Revenue management is critical for a hotel to succeed, so let's look at what data revenue management teams should prioritize and if there is a difference in pre-pandemic and post-pandemic forecasting?
Definition and the purpose of forecasting
There is some confusion about forecasting. First, there is a mixup between goal, budget, and forecast. Second, forecast and prediction are not precisely the same. Third, it is not about being right.
The difference between goal, budget, and forecast
The goal is an ambition and can be anything from realistic to stretched. A budget is a financial plan for a specific period, usually a fiscal year. A forecast is a continuously updated realistic view of the future based on current knowledge.
The difference between forecast and prediction
Generally speaking, the prediction is based on a hunch drawn on random amounts of similar prior incidences. In contrast, a forecast is based on a formulation derived from studies of measured results of similar incidences over time. Forecasting makes a realistic assessment of future demand based on presently available data, insights, and knowledge.
Forecasting is all about better understanding what actions the hotel needs to implement to reach its goals or stretched goals or come close to its budget. With a realistic forecast, it will be apparent where the hotel needs to take action. If the revenue manager base the forecast on anticipated tactical decisions and actions that the hotel might not execute, there is a high risk of disappointment when the actuals come in below the forecast. The whole idea with forecasting is to get a realistic view of the future demand and then create a better future revenue.
Data to better understand the future
There are no limits in available data, so the data itself is not a problem. Getting the data might be slightly more complicated, but the most challenging part is understanding whether the data has some meaning in forecasting demand for hotel accommodation. During the pandemic, hotel revenue managers have been using the word "future data" and "future-looking data." There is no such thing as future data because the future has not yet happened, so no data has been captured. All data is history, and everything in the future is a forecast. Hotel revenue managers have had the ambition to find data that would indicate future demand to make it easier to forecast.
The driver for hotel accommodation is the travel reason. If there are no reasons for travel, there will not be any demand for hotel accommodation. Therefore, it is critically essential for hotels to understand the travel reasons to the destination. The pandemic has not changed the fundamental travel reasons, such as holidays, visiting family and friends, and business. People could not travel because governments restricted travel. The pandemic also accelerated digitalization, such as virtual meetings, which partly replace the physical meeting and eliminate the travel reason and the need for accommodation. Travel for business will be a travel reason also in the future, but the volume will be lower for a few years, and the future growth will be shared between physical and virtual.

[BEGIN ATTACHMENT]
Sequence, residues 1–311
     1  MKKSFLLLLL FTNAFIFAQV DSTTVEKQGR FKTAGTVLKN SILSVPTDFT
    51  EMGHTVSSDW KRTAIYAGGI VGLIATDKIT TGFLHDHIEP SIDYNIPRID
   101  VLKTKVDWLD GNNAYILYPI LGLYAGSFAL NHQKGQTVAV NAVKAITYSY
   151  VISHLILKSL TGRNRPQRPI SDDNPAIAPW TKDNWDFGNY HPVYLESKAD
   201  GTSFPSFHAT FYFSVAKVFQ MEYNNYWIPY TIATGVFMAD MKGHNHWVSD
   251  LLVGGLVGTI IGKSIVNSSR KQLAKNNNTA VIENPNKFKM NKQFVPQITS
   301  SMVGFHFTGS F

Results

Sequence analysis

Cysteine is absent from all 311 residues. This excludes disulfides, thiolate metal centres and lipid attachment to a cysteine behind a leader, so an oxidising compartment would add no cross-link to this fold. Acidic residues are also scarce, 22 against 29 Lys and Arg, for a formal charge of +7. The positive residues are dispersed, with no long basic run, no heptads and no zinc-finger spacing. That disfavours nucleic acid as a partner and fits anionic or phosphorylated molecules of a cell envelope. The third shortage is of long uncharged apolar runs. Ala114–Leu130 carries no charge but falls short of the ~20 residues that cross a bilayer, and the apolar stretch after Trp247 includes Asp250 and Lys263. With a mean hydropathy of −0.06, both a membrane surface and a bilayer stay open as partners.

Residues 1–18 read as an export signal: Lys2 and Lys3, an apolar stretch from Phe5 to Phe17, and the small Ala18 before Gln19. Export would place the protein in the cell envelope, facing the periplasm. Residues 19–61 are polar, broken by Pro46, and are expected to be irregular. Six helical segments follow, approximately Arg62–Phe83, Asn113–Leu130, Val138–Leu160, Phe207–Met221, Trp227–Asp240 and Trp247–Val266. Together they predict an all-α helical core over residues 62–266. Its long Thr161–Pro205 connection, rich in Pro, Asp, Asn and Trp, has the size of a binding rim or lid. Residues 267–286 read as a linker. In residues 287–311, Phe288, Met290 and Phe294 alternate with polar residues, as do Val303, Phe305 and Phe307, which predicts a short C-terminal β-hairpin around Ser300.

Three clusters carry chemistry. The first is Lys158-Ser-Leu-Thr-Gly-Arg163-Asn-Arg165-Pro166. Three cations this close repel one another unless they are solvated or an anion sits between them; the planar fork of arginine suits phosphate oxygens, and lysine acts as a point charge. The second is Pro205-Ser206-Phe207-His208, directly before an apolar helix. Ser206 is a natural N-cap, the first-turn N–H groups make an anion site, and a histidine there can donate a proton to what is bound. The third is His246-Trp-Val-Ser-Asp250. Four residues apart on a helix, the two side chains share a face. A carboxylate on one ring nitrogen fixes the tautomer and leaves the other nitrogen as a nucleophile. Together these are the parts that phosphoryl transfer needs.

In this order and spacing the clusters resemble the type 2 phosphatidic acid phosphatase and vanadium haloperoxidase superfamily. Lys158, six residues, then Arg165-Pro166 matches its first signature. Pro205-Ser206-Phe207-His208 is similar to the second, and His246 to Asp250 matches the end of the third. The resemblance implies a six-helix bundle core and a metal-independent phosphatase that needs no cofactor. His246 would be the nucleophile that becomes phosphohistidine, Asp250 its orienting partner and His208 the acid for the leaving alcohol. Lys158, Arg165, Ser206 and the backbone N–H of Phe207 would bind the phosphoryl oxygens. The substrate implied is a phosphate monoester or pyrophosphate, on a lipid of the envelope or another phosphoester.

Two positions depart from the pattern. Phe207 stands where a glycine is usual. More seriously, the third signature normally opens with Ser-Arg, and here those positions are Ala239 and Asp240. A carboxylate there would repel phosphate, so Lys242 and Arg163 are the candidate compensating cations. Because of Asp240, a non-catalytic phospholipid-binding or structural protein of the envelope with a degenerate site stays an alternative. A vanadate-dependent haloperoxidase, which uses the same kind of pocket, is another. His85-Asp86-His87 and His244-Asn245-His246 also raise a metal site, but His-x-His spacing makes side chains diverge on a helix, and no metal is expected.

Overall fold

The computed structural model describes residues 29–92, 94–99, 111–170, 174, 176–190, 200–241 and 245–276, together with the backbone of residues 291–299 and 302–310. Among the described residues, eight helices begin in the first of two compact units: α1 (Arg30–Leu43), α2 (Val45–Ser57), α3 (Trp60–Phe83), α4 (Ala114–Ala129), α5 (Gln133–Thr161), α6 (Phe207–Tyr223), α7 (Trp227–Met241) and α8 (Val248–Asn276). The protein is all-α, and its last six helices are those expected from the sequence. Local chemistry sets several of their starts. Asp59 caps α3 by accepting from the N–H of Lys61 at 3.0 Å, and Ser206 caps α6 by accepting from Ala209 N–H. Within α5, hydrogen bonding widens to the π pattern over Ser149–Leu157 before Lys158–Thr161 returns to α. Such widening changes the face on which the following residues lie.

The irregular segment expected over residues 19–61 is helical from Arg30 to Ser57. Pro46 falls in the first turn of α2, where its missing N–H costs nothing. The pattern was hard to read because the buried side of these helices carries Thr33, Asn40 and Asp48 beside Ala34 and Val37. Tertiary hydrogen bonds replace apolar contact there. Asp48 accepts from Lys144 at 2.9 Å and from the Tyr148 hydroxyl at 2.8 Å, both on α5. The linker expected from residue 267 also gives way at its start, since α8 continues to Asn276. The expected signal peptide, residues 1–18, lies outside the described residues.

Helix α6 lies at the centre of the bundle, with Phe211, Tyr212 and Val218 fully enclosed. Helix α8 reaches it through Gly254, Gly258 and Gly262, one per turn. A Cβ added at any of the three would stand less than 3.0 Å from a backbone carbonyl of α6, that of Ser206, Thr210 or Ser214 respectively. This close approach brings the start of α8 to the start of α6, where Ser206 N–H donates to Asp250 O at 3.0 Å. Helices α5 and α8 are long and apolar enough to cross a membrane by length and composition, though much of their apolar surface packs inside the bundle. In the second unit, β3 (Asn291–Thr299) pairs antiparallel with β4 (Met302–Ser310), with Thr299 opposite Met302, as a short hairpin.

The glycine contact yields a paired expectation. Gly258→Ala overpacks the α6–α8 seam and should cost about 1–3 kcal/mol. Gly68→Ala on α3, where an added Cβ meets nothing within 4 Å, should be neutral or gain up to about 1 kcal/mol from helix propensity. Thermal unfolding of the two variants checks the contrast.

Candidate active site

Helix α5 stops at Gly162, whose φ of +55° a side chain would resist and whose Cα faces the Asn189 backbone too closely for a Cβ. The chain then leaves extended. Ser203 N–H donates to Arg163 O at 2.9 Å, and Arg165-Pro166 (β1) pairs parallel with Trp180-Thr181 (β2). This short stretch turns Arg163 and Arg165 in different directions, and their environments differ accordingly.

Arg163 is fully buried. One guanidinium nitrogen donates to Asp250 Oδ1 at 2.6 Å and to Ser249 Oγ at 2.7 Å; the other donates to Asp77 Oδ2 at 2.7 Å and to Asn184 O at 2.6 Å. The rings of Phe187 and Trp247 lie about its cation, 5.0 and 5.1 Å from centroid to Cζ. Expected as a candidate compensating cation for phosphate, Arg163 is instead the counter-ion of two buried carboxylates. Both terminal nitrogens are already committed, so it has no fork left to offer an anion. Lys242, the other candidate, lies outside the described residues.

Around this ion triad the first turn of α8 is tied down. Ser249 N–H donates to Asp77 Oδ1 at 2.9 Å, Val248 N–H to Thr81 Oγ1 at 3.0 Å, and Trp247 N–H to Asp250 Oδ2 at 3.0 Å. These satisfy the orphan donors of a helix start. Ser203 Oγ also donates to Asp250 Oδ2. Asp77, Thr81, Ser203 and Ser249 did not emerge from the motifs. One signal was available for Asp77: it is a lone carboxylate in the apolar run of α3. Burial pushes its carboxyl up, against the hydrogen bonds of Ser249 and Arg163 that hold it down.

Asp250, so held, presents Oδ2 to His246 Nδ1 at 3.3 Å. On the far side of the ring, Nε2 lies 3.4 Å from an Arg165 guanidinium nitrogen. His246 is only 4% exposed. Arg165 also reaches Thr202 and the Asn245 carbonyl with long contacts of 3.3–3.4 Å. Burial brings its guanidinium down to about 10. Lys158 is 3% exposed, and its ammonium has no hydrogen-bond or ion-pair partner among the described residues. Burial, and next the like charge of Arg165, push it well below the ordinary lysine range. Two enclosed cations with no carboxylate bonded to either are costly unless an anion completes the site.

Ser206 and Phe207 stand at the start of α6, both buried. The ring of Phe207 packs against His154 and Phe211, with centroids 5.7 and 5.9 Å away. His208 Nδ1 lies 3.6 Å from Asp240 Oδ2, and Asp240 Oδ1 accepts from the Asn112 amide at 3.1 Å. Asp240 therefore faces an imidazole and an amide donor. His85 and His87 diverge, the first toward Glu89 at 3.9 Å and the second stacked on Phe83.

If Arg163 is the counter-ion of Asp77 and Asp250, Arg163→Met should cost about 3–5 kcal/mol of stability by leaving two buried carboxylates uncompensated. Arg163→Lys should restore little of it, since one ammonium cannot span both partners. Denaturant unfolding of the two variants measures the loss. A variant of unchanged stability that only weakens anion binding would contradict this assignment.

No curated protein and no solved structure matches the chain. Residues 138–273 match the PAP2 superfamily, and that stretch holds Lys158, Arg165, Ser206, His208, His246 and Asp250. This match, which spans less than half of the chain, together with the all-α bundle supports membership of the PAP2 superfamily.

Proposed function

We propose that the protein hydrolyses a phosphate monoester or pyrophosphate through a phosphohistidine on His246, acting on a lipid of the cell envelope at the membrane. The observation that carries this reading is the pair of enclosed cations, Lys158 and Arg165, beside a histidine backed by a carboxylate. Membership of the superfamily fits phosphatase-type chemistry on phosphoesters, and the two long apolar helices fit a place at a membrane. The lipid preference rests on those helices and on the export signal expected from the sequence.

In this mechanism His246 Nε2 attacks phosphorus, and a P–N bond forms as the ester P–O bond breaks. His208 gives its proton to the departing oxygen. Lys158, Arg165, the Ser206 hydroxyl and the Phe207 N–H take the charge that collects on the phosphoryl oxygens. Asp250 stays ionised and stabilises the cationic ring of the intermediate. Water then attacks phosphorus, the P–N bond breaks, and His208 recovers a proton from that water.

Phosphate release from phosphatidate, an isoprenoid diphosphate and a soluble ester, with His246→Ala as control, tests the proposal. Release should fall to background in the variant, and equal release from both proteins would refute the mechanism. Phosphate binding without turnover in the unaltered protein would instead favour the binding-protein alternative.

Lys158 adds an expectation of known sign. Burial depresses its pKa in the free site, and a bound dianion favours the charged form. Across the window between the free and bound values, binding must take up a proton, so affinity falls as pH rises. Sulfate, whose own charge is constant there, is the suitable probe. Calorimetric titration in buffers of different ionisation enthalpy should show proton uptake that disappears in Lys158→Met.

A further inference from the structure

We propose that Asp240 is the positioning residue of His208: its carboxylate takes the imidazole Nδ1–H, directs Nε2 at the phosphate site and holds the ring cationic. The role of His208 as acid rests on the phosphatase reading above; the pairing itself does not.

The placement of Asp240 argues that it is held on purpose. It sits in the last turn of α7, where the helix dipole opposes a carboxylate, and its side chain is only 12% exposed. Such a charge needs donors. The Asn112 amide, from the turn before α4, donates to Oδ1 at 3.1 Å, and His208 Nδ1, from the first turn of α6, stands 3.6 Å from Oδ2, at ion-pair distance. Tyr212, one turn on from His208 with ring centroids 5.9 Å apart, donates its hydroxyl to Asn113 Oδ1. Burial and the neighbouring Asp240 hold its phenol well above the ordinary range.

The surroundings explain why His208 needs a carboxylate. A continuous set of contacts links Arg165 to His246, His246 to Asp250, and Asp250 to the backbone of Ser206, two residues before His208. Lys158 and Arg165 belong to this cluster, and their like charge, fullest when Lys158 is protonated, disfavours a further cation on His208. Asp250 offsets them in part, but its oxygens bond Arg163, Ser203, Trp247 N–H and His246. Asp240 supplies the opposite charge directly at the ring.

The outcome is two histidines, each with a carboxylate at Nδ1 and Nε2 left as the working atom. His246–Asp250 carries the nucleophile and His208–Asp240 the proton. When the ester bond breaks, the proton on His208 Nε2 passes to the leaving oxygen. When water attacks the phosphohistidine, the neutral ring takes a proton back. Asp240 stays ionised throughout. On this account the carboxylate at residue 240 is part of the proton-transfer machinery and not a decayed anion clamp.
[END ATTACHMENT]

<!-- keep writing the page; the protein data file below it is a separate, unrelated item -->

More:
Hotels need to forecast demand based on travel reasons to the destination. Therefore the most important tool is still the old-fashioned calendar showing the workweek, weekends, holidays, and events. The job of the hotel is to capture the demand for accommodation generated by many different travel reasons. This is where segmentation is valuable to better understand the needs and behavior of the traveler.
Part of the basics is to understand the present and future supply of hotel rooms in the destination. Knowledge about both demand and supply in a market is essential for success.
Everyday life patterns change at a very slow pace. Children go to school, parents work, weekends are free, holidays during the summer, etc. Not even a pandemic can change these patterns. The basic patterns will remain the same even if volumes temporarily have shifted during the pandemic due to travel restrictions.
Historical data is, therefore, still crucial for understanding patterns. In addition, historical information is also helpful in understanding shifts in demand from different segments.
Consumer behavior typically also changes slowly, but the pandemic has accelerated changes in consumer behavior. Some of these changes are because of travel restrictions and accelerated digitalization. For example, hotels have seen increased demand for larger room types, shorter booking windows, a higher flexibility for cancellations, more extended stays, and a shift to bookings on the hotel website. The behavior might change again when travel restrictions have been removed.
Understand travel intent
Hotels have been looking for signals of future travel. Travel searches increased and brought hope to the hotel industry. People were dreaming about travel, but restrictions prevented them from realizing their dreams. The data gave hotels false hopes in the short-term perspective. Again, when there are no travel restrictions, people will go back to their usual travel patterns.
Forecasting is still the same
There will not be any significant differences between forecasting pre-pandemic and post-pandemic. Travel patterns will return as soon as all the travel restrictions are gone, and the travel demand will soon surpass pre-pandemic levels. Consumer behavior will, in the end, not change much, and people again look for the cheapest rates with restrictions far in advance.